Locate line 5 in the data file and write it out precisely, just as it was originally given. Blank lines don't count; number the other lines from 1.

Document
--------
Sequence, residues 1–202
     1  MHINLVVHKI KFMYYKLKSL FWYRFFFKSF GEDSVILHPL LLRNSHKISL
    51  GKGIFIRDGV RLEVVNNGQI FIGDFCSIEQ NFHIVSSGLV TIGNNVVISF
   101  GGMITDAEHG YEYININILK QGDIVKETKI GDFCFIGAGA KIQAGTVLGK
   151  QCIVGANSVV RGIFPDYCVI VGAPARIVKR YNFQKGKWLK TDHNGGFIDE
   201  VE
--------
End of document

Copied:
   151  QCIVGANSVV RGIFPDYCVI VGAPARIVKR YNFQKGKWLK TDHNGGFIDE